Lldb-server significant slowdown with 3000 threads


We are noticing a significant performance issue while using lldb debugging an internal service. Turns out the performance issue is caused by the service using multiple thread pools creating 4000~5000 threads (yeah, pretty bad :frowning: ). Benchmarking with and without debugger shows around 6~7 minutes slow down caused by lldb attaching while gdb incurs very minimum slow down.

Further digging shows, the bottleneck is caused by the following code calling waitpid() repeatedly in NativeProcessLinux::SigchldHandler:

bool checked_main_thread = false;
  for (const auto &thread_up : m_threads) {
    if (thread_up->GetID() == GetID())
      checked_main_thread = true;
    if (std::optional<WaitStatus> status = HandlePid(thread_up->GetID()))
      tid_events.try_emplace(thread_up->GetID(), *status);

You can reproduce the slow down with the code below:

Without debugger, it finishes under 2 seconds while, with debugger, it costs more than 10 minutes.

This change seems to be introduced in ⚙ D116372 [lldb-server/linux] Fix waitpid for multithreaded forks. After reverting the change, the lldb wall-time drops from 10minutes to under 3 seconds.

@labath, what do you think how to solve it? Thanks. cc @clayborg


Hello Jeffrey,

thanks for bringing this to my attention. As I mentioned in :gear: D116372 [lldb-server/linux] Fix waitpid for multithreaded forks, there are basically two ways to solve the problem that it is trying to solve (multiple NativeProcess instances stealing waitpid events from one another). The patch implemented the second one because it made the code cleaner. I did not expect it to have that much of a performance impact, though in retrospect, I probably should have.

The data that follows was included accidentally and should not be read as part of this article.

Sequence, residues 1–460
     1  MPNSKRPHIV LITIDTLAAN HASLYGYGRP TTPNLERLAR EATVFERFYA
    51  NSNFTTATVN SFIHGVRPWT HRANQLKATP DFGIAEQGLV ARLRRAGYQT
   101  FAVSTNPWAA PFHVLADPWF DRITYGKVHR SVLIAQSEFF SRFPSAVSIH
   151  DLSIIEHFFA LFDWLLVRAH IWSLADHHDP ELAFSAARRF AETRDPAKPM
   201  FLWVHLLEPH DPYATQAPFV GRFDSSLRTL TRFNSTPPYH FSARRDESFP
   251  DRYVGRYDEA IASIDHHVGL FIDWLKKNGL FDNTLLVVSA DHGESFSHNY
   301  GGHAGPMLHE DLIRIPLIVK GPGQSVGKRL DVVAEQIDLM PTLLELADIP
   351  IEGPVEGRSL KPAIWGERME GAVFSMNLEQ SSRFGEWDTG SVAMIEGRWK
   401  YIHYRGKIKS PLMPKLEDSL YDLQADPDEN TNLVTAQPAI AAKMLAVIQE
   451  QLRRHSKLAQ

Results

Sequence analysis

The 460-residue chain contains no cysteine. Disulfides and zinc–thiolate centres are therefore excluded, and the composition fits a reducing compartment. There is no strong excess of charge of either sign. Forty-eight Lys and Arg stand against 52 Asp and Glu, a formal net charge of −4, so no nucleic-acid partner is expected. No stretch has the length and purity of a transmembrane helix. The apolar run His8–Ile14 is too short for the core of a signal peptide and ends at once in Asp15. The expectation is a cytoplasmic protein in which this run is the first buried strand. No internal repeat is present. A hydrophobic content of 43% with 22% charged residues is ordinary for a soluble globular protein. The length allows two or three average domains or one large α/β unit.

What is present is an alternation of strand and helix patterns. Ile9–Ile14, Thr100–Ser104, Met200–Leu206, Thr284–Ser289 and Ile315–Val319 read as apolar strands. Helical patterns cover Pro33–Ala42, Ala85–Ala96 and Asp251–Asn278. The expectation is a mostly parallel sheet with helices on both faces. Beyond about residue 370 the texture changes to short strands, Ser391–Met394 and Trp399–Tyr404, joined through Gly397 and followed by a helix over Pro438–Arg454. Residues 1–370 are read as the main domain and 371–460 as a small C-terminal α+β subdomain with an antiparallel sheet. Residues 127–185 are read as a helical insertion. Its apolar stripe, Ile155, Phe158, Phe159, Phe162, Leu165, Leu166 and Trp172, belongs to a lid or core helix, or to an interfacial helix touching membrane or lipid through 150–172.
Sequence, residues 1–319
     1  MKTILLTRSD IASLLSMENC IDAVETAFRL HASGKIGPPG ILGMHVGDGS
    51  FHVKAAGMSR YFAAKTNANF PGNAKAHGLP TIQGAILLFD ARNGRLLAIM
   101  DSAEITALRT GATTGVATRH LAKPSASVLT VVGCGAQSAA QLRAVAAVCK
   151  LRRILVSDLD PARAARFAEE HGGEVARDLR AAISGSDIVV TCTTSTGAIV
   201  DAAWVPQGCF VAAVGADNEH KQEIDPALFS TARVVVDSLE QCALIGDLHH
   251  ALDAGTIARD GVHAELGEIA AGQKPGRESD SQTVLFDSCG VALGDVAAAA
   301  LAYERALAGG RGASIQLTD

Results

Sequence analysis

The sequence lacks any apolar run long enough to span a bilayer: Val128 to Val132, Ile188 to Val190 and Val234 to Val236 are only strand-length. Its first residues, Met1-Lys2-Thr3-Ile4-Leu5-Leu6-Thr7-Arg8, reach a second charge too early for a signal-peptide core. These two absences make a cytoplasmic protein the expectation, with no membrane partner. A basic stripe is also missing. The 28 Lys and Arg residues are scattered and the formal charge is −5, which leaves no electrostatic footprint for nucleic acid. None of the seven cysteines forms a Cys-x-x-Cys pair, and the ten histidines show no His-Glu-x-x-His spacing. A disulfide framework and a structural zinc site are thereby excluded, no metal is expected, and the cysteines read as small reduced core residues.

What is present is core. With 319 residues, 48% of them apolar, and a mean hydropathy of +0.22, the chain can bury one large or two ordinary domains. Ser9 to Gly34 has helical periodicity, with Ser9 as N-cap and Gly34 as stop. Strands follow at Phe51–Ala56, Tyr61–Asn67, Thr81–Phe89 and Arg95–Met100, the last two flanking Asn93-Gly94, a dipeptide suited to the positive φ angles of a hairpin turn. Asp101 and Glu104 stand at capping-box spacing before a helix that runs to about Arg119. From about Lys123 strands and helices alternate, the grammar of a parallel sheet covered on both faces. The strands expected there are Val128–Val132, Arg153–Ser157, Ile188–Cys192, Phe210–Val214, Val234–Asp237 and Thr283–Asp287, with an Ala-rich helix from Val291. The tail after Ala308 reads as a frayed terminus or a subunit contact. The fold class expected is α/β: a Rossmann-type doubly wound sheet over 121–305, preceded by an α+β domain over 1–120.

I think this means we need to implement the first option instead. There is nothing fundamentally hard there, it just requires redesigning some of the interfaces around the NativeProcess class to enable us to centrally listen for waitpid events and then dispatch them to the appropriate process. The main thing which makes that complicated is that there the notifications for clone child threads can’t be associated with a process without the corresponding notification on the parent thread (and the two can come in any order). This means one has to have some sort of a central repository of threads that will be assigned to a specific process once their parent is known. Nothing impossible – just work.

I think I can take a stab at this next week, but if you want, you can try to implement something sooner.

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@labath, make sense. I am not an expert in ptrace or the code around this so you will be a better person to fix it. Let me know how it goes.


Hello Jeffrey,

please check out D146977. It actually turned out easier than I expected since I could reuse the existing Factory class as the “central thread repository”. I haven’t tested the performance, but I would expect it to be roughly on par with the pre-D116372 world.

(Technically the algorithm is still quadratic, but now the only quadratic part is the iteration through the NativeProcessProtocol thread list. We could also fix that by using a different data structure to store the threads.)

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